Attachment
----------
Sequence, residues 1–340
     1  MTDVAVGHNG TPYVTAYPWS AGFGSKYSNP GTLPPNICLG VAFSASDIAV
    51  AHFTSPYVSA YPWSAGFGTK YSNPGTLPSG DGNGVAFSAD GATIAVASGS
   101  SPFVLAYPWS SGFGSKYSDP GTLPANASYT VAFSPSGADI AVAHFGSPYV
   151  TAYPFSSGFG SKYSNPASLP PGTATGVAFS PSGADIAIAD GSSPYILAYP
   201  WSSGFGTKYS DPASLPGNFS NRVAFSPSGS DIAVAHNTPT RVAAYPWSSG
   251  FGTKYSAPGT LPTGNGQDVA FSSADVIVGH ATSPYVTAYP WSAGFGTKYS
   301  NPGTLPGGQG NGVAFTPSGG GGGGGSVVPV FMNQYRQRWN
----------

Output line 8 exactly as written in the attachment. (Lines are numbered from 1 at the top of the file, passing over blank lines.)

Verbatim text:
   301  NPGTLPGGQG NGVAFTPSGG GGGGGSVVPV FMNQYRQRWN